Riddle me this, readers. What do MVPD competition and the weather have in common?
Karl Bode's appropriately cynical coverage of comments by Time Warner (NYSE: TWX) COO Rob Marcus caused a riddle to bubble up in my brain. Marcus, speaking at the Broadcast and Cable/Multichannel News OnScreen Summit, essentially downplayed Google's (Nasdaq: GOOG) 1 Gbps fiber optic system in Kansas City.
"It will be interesting to find out whether there are applications that will take advantage of a 1 Gbps service," Marcus said, according to Bode's coverage in DSL Reports. "If there is [a need for speed], we will provide it; our infrastructure has the ability to provide much faster speeds today. We're prepared to compete head-to-head with Google."
In a process painfully resembling paint blistering in the hot summer sun, a riddle formed in my mind.
Question: What do MVPD competition and the weather have in common?
Answer: Everybody talks about them but nobody does anything about them.
Technology has never been a problem for MVPDs. The way operators use that technology to better serve customers, on the other hand, has made the MVPD space the butt of late night jokes that repeat around the water cooler and unemployment line.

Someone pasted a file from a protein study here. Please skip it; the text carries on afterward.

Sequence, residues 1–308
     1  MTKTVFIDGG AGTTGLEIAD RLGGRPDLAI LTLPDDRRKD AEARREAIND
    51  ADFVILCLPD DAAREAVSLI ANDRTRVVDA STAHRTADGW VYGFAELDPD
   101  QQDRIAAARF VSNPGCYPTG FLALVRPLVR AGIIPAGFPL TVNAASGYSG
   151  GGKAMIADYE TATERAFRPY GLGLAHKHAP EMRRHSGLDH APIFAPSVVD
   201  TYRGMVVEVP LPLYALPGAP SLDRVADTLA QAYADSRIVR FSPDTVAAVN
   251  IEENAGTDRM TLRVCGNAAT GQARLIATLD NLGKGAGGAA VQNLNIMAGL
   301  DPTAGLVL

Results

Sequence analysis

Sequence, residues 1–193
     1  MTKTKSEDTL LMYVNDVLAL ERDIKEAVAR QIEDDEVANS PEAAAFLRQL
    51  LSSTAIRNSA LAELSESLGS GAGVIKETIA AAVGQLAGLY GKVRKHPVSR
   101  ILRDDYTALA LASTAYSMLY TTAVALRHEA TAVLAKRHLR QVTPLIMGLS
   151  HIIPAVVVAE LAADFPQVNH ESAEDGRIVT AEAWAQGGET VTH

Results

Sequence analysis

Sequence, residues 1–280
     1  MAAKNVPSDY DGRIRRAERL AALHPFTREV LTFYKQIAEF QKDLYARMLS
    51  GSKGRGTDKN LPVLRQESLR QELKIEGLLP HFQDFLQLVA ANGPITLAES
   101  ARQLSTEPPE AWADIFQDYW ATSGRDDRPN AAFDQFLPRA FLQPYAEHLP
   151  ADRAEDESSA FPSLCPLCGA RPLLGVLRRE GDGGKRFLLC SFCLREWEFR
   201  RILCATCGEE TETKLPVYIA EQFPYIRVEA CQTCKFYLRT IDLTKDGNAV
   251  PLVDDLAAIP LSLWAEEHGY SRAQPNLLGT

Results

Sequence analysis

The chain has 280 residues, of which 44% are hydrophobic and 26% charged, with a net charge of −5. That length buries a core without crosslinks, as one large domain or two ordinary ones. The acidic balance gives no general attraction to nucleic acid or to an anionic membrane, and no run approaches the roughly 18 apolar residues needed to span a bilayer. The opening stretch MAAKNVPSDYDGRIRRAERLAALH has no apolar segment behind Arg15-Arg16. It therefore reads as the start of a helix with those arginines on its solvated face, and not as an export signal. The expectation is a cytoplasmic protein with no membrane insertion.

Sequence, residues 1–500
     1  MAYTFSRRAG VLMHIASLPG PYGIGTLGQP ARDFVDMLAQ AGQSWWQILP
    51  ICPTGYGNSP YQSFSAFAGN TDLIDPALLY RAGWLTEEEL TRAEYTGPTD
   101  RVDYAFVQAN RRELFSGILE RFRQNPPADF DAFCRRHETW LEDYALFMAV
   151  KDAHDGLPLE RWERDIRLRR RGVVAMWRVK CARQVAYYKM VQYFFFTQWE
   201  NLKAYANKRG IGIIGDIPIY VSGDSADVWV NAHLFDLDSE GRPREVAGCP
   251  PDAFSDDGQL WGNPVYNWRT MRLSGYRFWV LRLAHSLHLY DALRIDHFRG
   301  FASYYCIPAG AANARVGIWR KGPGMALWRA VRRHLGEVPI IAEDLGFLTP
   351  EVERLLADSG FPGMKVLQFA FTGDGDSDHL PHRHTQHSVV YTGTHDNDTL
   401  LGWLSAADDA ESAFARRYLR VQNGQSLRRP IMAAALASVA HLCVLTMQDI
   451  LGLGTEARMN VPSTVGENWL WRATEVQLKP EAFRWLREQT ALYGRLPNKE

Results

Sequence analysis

MVPDs have just never grasped the concept that technology can be used to engender subscriber loyalty and proactively to defeat competition.
I'll admit that the idea of loyalty is as outdated as a dial phone. My father worked 39 years for the same company and was fiercely loyal even when he was "retired" at the age of 55. I've probably worked at 39 companies, with varying degrees of reciprocal loyalty.
MVPDs, by virtue of their monopoly status in most markets, have had years to build brand loyalty. The results? When satellite hit the air using digital technology that cable companies had in hand but held in abeyance, cable customers stood in line to defect. When telcos started offering video, again using technology already available to their cable brethren, cable subscribers switched channels. And, just to show things go both ways, when cable companies used broadband to offer voice and data services, telco customers called them up to place orders because all they got from their phone companies was dial-up and, if they were very lucky, DSL.
By all accounts, people in Kansas City, given the opportunity to pay for it, want what Google's offering because it's more than what Time Warner Cable is offering. While Marcus' claims that TWC can step in and match the Google offer might be stretching it a bit, it's not out of reach that the cable operator can come close to matching it and, in fact, should have been there already.
Unfortunately, as the riddle's answer suggests, that's unlikely to happen, because to offer the service would mean to compete before the competition got a foothold. And that's something everyone talks about but nobody does anything about. -Jim